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Response #1 to the Reply
And thanks to you for your indepth replies to my indepth replies. ;->
Let me begin by addressing something you mention several times in your latest posts -- namely that your preceding posts were only to be taken in reference to the Gospel of Thomas (or "GTh") and nothing further. In my explanation for why GTh was never "removed from the Bible", I commented on the fact that GTh included Gnostic ideas/teachings. I thought that comments on Gnostic teachings in general and their incompatability with orthodox Christian doctrine flowed naturally from this. Also, your comments that the Church and/or Church Fathers do(es) this or that and bringing up the books by Gardiner and Baigent et al. and reading works about other religions seemed to broaden the discussion, as well.
That was my thinking, anyway. If I inferred too much or expanded the subject(s) under discussion too far, my apologies. I thought they were relevant. Regardless, my thanks for continuing on with the discussion.
Regarding dating of the Gospels...
> This is an interesting point because
> according to the gnostic library website,
> Thomas' Gospel is considered the older.
> Which adds another element to it. Instead of
> disagreement about content. There is
> disagreement about age.
Yes, conservative theologians generally date the Synoptic Gospels to the AD 60's thru about AD 70. I understand that liberal theologians (e.g., H. Koester, J. Robinson, the Fellows of the Jesus Seminar) typically date the Synoptics at AD late-60's to late-90's, whereas they put GTh & some other Gnostic texts at AD 30-60. (I think most liberals & conservatives agree that the Gospel of John was written in the 90's.) To use your own words, "according to the opinions of those who have a vested interest." It works both ways.
Btw, I came across more info on the relative dating of GTh, which I may post on later.
> Hang on. When judged according to: standard
> of ancient historiography IN TERMS OF date
> & reliability on ISSUES THAT CAN BE
> COMPARED to other known data. Say what?
> This is saying... based on the tiny bit
> written over there... and when compared to
> other tiny bits in the same compiled work,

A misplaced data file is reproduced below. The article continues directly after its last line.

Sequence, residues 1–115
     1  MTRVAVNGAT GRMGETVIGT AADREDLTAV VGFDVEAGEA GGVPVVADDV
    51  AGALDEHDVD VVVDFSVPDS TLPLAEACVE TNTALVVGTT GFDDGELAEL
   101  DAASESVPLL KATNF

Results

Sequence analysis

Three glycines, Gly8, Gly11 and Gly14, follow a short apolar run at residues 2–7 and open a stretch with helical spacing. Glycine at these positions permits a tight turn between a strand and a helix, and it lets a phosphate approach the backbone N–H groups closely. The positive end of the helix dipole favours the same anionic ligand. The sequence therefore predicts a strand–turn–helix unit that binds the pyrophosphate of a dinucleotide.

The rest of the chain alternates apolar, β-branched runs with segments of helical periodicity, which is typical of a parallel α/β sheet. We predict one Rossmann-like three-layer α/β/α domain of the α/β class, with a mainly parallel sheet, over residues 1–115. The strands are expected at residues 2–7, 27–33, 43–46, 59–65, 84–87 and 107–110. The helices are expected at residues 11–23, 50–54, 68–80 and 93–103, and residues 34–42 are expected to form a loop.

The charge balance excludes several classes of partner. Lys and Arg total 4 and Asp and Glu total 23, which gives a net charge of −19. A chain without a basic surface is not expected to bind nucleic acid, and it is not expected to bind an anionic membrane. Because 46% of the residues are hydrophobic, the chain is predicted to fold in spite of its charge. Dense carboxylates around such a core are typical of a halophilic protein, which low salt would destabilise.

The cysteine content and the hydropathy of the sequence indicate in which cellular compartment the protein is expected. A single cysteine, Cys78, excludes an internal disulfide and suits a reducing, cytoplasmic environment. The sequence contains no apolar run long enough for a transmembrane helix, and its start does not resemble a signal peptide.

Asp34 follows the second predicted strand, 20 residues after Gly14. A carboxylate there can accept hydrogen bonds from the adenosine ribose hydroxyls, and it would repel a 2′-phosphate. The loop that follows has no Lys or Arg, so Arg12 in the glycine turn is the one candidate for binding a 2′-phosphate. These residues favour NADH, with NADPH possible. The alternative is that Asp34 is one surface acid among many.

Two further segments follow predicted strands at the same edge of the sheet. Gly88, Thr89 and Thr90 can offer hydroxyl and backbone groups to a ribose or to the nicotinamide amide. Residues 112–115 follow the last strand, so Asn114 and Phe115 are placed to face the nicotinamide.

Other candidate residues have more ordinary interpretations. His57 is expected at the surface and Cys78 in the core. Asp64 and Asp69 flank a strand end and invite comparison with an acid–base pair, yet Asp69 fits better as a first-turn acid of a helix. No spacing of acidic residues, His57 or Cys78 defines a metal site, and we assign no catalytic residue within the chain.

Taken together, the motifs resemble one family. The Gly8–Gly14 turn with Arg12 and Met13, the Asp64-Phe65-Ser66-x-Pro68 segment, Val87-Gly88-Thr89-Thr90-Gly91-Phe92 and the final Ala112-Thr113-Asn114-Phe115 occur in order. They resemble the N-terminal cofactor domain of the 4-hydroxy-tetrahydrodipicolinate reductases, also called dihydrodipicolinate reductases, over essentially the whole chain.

> we see similarities.
> This means nothing. It's almost circular
> logic. All of it must be true because that
> tiny bit there matches some other tiny bit
> from the same place and time.
> Of course there is not going to be other
> works. Third party works. Commenting on what
> happened in someone else's
> "locale." They write about things
> that happen to them in their areas.
Now, hang on with your hangin' on and accusations of circular logic. You seem to be under the mistaken impression that there are no third-party works that comment on the historicity of Jesus Christ & His teachings. Aside from non-NT Christian sources (which you, no doubt, would discount), there are extra-biblical, non-Christian sources for information that supports biblical statements about a) Jesus' living at a certain time in history, b) circumstances around his trial/crucifixion/burial & the empty tomb, c) culture & customs of the time, and d) early Christian beliefs & practices, which reflect Jesus' teaching.
Ancient historians like Tacitus, Suetonius, Josephus, and Thallus give us several historical facts. There are statements by government officials like Pliny the Younger, Emperor Trajan, and Emperor Hadrian. Information can be gleaned from other Jewish sources (The Talmud, Toledoth Jesu) and Gentile sources (Lucian, Mara Bar-Serapion). Some support can even be found in Gnostic texts like GTh, Gospel of Truth, Apocryphon of John, and Treatise on Resurrection. Finally, there are references to lost works like the Acts of Pontius Pilate and writings of Phlegon, both of which were said to have recorded data that corroborated Christian claims.
Oh, yes, there are also archeological finds such as the burial grounds of Caiaphas the Jewish high priest, Yohanan the crucifixion victim, the Nazareth Decree by Caesar, and evidence for the census mentioned in Luke.
> Give me a break. This is no proof of
> anything. All four Gospels could easily have
> been written based on one singluar other
Hmm, I may address this in a separate post, too.
> Details in narrative? The whole Bible is a
> narrative. It relies on details. Without
> details there is no narrative.
Since when is the Bible all narrative? Take a look at Psalms & Proverbs, for example. Or instructions for building the Temple. Or genealogical passages.
In regards to narrative, some details are essential while others are considered minor or incidental, and yet others may have bearing on the story (or on the case, to give it a legal spin) but not be considered crucial.
> No. A resonable person would find it strange
> that four people told the same story
> But that's is just it. The stories are
> different. BUT only selective stories are
> presented as "common knowledge" of
> the events.
Alright, I'm confused. Would you be more skeptical of the truthfulness or reliability of a story told *exactly* the same, to every detail, by 4 different people? (I would, though perhaps less so if by, say, investigative journalists or police detectives.) Or, of 4 accounts that were essentially the same, obviously of the same event, but differed in some of the details? Would that make you more reasonable, or less so?
> Sure. I'll pick two. You explain them.
I'll follow up with these tomorrow.
To be continued...
Response #2 to the Reply
Continuing on from before...
> What cynical tone? All I do is ask